Commands tagged ssh (187)

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Get AWS temporary credentials ready to export based on a MFA virtual appliance
You might want to secure your AWS operations requiring to use a MFA token. But then to use API or tools, you need to pass credentials generated with a MFA token. This commands asks you for the MFA code and retrieves these credentials using AWS Cli. To print the exports, you can use: `awk '{ print "export AWS_ACCESS_KEY_ID=\"" $1 "\"\n" "export AWS_SECRET_ACCESS_KEY=\"" $2 "\"\n" "export AWS_SESSION_TOKEN=\"" $3 "\"" }'` You must adapt the command line to include: * $MFA_IDis ARN of the virtual MFA or serial number of the physical one * TTL for the credentials

Write comments to your history.
A null operation with the name 'comment', allowing comments to be written to HISTFILE. Prepending '#' to a command will *not* write the command to the history file, although it will be available for the current session, thus '#' is not useful for keeping track of comments past the current session.

Replicate a directory structure dropping the files

grep -v with multiple patterns.
You can use -e to pass multiple patterns.

Unaccent an entire directory tree with files.
This command changes all filename and directories within a directory tree to unaccented ones. I had to do this to 'sanitize' some samba-exported trees. The reason it works might seem a little difficult to see at first - it first reverses-sort by pathname length, then it renames only the basename of the path. This way it'll always go in the right order to rename everything. Some notes: 1. You'll have to have the 'unaccent' command. On Ubuntu, just aptitude install unaccent. 2. In this case, the encoding of the tree was UTF-8 - but you might be using another one, just adjust the command to your encoding. 3. The program might spit a few harmless errors saying the files are the same - not to fear.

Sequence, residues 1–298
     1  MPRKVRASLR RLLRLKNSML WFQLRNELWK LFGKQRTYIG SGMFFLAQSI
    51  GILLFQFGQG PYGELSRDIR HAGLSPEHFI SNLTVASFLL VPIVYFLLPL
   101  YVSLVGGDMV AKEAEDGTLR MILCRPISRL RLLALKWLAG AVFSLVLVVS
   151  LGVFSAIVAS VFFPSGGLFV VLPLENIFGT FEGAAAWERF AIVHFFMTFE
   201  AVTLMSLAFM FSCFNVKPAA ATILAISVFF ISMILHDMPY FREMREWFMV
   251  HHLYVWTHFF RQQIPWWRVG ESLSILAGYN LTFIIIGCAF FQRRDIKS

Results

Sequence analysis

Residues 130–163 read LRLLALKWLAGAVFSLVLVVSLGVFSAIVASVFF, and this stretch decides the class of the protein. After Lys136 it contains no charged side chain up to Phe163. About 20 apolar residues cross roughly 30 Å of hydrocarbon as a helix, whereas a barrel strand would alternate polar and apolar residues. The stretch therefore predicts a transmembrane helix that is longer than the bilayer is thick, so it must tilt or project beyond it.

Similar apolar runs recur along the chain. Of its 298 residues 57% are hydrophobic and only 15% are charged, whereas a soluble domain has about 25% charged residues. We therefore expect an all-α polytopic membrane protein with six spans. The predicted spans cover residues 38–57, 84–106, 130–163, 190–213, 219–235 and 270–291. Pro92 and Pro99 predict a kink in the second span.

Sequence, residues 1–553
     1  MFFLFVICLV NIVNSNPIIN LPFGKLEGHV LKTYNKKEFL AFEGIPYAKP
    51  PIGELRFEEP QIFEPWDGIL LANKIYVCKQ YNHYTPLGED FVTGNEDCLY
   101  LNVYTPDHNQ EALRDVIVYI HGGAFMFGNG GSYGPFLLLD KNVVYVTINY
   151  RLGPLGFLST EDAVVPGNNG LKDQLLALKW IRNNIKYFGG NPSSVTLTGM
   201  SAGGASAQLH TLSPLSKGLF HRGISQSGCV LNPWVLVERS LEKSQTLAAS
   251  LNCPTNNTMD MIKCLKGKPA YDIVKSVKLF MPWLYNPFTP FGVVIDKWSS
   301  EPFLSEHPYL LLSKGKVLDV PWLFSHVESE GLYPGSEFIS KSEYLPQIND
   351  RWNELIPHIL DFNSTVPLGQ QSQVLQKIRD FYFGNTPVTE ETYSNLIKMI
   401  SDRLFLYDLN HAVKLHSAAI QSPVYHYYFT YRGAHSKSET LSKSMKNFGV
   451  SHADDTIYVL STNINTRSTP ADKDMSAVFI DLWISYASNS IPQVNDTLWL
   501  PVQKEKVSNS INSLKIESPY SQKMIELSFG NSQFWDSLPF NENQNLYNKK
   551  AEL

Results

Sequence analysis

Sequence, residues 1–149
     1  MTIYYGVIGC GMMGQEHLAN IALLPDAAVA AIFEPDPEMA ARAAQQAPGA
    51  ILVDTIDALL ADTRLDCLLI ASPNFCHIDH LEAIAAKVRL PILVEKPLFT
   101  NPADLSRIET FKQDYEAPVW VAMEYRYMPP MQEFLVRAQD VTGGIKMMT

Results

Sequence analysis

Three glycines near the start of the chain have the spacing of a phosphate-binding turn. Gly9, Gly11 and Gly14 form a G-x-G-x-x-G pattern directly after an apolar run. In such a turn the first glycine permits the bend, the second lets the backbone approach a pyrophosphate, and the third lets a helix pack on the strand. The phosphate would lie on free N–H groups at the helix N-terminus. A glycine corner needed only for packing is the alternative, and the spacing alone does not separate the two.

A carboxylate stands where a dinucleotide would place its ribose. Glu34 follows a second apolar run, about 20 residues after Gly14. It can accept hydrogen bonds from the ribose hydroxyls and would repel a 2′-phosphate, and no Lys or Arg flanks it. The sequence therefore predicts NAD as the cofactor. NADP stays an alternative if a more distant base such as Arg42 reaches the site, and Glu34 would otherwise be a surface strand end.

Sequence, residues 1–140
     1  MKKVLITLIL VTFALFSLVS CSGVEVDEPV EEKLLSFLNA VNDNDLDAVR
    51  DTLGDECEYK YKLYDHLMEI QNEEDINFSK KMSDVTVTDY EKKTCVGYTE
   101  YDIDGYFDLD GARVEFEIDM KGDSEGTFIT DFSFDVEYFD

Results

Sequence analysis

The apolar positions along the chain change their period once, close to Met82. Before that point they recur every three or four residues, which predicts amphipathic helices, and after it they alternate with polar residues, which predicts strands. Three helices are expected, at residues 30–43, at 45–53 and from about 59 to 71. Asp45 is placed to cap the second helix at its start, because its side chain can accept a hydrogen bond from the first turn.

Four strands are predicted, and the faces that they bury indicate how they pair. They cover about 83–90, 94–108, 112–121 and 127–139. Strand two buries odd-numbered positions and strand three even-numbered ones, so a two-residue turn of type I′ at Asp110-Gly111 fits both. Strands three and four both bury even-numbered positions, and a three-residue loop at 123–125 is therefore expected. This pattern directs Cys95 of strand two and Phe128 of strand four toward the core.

Get your external IP address
Yeah I know it's been up here a million times, but this service is a really clean and nice one. Nothing but your IP address on it. Actually I was to write something like this, and noticed this on appspot... ;)

Play all files in the directory using MPlayer
Skip forward and back using the < and > keys. Display the file title with I.

Search for a string in all files recursively

Kill all processes belonging to a user
This is a 'killall' command equivalent where it is not available. Prior to executing it, set the environment variable USERNAME to the username, whose processes you want to kill or replace the username with the $USERNAME on the command above. Side effect: If any processes from other users, are running with a parameter of $USERNAME, they will be killed as well (assuming you are running this as root user) [-9] in square brackets at the end of the command is optional and strongly suggested to be your last resort. I do not like to use it as the killed process leaves a lot of mess behind.

Remove all zero size files from current directory (not recursive)


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